Can a leading name in fashion compete in a virtual world with its own thriving grassroots industry? When word got out that Armani was opening a branch in SL, I sent New World Notes style correspondent Iris Ophelia to review the legendary designer's contribution to metaverse fashion. She was decidedly unimpressed, and sent back this scathing diatribe. - HA
If I had to list the top ten fashion names of real life style, it should go without saying that Giorgio Armani would be included. So naturally when the company's presence in Second Life was announced, the fashion community busted at the seams with excitement.
But when that highly anticipated sim finally opened, the bubble burst. I, like many other fashionistas, found myself completely at a loss for how a company (and a man) with such an innovative style could fall so terribly short at innovation. The irony is that the media may blame Second Life for this-- but not even know about a place like Armidi, the homegrown fashion emporium which succeeds where Armani has failed.
The response to the Armani emporium (direct teleport here) from Residents has been overwhelmingly negative for quite a few reasons, but let's start small... Or rather, big.
The Armani store is huge, taking up about half of the sim itself. Empty pavement and lawn trimmed with sparse trees, along with a staging area, occupy the remainder of the sim. The store itself is a bit like a labyrinth, filled with prim clothing folded or hung on racks for show, and displays of real life products and mannequins that seem to be single-prim photographed versions of displays in real Armani stores. There is a men's department, a women's department, areas for jeans, areas for underwear, areas for accessories, a perfume counter, a book store, a lounge, some sort of lunch room, a bathroom, changing rooms, and a pay phone, all entirely represented by non-functioning and fairly simplistic prims with bare-bones texturing (if any at all.) You can't even click a book cover to go to the Amazon.com page (which seems like a simple enough way to profit from the space.) In essence, it's a massive building that could just as easily be empty.
That isn't to say, however, that there is nothing for sale in the entire store. In a small room on the northern face of the building, there are 10 items for sale, based on real Armani branded items (sometimes quite loosely.) The majority of these items are also of upsettingly low quality, something the greenest of designers might create for their first store, but not what we would expect from Armani. Seriously, it's Armani! Are we wrong to expect the best?
The nicest item they do sell, in my opinion, is the Abito Uomo suit. If you buy it, you'll find it in your inventory in a folder confusingly named "Object". This goes for every other item in the store except for the Stivali Uomo boots, for some reason.
Hamlet's been kind enough to model Abito, as well as the Classic Italia suit released at another highly anticipated sim-opening recently, Armidi. Armidi is a line run by a couple veterans of Second Life Fashion, Nicole David and Lola Marquez of Elephant Outfitters. (I'm wearing some of their work in the first image for this article.) Armidi built up a lot of buzz during the Summer, and their opening did not disappoint. They, in fact, gave much more than I had expected.
Armani's Abito is on the left, and Armidi's Italia on the right. The most noticeable difference between them is that Italia has a lot more depth in the texturing. Puckers, wrinkles, lapels, and pockets all seem to pop out a little from the suit itself.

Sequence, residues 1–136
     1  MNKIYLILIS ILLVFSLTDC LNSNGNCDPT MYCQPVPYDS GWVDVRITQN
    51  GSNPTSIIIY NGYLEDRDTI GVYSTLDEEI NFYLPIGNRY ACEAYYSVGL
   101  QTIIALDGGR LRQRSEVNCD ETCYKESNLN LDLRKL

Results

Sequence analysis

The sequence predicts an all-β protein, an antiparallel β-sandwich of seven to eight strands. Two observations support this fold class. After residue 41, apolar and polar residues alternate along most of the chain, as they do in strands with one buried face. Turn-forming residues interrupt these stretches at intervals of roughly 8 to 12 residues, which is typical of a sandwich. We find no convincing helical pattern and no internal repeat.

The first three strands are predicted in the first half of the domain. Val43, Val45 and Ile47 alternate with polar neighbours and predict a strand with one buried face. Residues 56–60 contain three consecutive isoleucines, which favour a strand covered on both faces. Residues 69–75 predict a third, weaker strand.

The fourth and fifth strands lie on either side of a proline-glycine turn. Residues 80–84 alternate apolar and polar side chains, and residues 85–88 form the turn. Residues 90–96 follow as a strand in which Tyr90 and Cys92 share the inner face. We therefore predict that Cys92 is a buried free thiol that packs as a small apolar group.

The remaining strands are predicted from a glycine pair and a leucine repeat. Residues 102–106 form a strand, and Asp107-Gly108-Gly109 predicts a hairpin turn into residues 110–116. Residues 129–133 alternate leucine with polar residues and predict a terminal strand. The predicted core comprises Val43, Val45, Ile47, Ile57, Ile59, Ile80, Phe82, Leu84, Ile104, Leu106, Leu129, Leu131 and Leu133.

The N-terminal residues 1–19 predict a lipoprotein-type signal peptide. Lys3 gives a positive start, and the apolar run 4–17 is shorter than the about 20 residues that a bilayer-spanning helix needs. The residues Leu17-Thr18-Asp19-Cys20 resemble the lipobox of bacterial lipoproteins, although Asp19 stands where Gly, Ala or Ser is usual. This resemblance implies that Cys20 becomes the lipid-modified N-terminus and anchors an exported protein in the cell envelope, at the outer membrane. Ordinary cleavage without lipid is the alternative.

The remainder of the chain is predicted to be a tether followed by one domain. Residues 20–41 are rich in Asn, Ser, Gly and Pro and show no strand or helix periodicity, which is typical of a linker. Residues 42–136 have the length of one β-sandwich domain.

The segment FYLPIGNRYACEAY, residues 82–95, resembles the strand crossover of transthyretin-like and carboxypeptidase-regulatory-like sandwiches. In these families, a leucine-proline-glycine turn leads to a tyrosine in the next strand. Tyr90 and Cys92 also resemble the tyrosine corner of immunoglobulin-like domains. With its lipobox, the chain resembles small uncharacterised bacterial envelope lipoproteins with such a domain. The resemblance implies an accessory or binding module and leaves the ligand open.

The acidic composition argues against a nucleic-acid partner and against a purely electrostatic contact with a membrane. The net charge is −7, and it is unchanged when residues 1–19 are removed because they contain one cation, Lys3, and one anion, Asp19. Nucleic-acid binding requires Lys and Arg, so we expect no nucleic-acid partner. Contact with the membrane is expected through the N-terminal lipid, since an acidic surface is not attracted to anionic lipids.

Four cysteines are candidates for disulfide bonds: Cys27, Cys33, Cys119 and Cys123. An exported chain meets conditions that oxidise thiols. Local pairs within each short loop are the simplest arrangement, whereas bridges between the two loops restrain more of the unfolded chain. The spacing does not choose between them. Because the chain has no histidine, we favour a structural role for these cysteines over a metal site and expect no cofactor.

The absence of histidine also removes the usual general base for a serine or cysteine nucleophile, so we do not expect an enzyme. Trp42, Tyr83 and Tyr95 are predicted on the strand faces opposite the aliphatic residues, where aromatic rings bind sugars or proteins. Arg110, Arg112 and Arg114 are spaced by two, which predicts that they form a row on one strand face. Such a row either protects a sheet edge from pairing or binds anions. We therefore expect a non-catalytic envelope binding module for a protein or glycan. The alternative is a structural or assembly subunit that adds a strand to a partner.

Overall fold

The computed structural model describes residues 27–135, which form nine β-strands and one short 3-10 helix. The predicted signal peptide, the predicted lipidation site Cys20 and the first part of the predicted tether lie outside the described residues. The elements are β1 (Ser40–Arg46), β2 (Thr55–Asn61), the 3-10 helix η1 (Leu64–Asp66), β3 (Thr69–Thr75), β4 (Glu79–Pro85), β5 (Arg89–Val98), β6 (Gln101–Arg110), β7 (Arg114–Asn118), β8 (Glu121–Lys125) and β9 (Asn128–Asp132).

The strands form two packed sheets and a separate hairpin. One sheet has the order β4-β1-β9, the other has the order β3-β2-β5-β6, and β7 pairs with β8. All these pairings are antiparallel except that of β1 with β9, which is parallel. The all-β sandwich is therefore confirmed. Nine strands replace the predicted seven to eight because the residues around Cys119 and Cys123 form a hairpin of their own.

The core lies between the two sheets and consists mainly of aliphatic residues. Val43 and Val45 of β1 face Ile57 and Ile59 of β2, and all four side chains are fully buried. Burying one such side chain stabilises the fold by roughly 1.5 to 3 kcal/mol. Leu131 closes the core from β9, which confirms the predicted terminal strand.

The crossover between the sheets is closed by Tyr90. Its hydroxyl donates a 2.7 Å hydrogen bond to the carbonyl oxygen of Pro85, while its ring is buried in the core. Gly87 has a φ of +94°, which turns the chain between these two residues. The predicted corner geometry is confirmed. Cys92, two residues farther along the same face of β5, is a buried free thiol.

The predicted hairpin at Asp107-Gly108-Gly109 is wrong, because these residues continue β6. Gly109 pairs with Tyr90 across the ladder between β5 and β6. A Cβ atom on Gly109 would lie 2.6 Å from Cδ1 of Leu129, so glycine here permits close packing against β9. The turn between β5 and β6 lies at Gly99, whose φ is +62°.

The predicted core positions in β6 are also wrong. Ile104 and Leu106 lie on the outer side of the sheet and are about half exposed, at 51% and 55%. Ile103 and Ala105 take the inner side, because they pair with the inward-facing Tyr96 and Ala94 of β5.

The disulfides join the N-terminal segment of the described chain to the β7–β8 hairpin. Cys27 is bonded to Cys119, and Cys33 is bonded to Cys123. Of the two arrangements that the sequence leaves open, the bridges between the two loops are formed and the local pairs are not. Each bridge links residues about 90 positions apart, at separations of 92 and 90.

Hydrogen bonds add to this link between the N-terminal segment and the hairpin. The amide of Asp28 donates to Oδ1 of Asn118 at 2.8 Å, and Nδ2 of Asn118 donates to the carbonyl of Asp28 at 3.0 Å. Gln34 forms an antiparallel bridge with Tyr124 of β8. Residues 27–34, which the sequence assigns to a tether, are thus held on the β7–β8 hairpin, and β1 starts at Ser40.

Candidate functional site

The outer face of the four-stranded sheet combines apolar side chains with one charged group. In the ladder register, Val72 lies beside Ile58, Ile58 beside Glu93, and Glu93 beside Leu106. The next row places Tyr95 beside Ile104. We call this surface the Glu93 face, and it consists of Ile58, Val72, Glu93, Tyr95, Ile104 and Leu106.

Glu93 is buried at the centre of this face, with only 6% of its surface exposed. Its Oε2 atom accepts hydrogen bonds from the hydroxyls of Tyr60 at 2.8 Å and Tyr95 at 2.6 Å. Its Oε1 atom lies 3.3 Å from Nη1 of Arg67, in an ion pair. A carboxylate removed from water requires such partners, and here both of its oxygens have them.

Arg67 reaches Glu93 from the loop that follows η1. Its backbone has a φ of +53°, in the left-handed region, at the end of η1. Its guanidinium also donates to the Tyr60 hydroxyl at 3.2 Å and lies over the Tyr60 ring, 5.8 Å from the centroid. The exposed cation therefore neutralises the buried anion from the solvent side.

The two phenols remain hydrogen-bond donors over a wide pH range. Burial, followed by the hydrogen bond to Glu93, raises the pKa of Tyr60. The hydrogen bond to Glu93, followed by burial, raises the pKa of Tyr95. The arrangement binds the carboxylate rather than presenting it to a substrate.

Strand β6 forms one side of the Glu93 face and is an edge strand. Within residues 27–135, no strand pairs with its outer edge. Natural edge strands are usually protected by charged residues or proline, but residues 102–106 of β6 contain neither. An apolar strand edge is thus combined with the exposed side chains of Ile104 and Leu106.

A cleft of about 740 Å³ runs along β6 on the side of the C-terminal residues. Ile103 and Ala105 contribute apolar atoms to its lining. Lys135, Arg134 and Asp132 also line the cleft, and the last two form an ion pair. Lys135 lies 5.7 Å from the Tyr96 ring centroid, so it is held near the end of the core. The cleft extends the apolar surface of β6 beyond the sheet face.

Abito, unfortunately, has the same problem that a lot of Photosourced clothing in SL has-- it's flat. Hamlet looks as though he's had a Looney Tunes-style run-in with a steamroller. The nice thing about this suit, however, is that the cuffs and collar are cut properly, whereas the other in-world Armani tops have quite a few rough edges.
There have been rumblings blaming the technical limitations of Second Life itself for these flaws, but I would like to point out that most of SL's talented designers manage to avoid these issues easily. How different would the in-world Armani line have looked with the skilled hands of an established SL designer shaping it?
Consider Armidi once again: Their sim has everything that Armani's has, from shoes and shirts to belts and bags, but in greater volume and of higher quality. The difference is undeniable, as Armidi's Traffic stood at about 32,000 last week, and Armani's, under 1000. That's a pretty dramatic difference, even if you aren't mathematically inclined.
All this boils down to one thing: Translation. To bring a real product or item into Second Life, you need to translate it from RL to SL values. If you don't do this, failure is as good as guaranteed, especially where fashion is concerned. Translating doesn't mean directly importing the item, but rather figuring out what makes it worth having, and figuring out how that fits into the values and culture of SL (or any other community, for that matter.) For example, an Armani suit is made of very high quality textiles, but in Second Life, fabrics are unnecessary. A quality fabric is replaced with quality texturing on our value scale, and Armani failed to realize this.
The Armani sim seems torn between being a 3-D billboard and a gift shop, and it's not doing either particularly well. So why should we care?
Armani seems destined to be added to the ammunition of those who say that Second Life is a waste of money and time for RL companies. The blame will fall on SL and not the people responsible for the build itself, and it could easily discourage other major fashion presences in the future that would have done a better job. But there are a lot of other companies putting in the effort and taking the time to grasp SL as a platform and as a community. Their presence brings in new Residents, new perspectives, and enriches our world...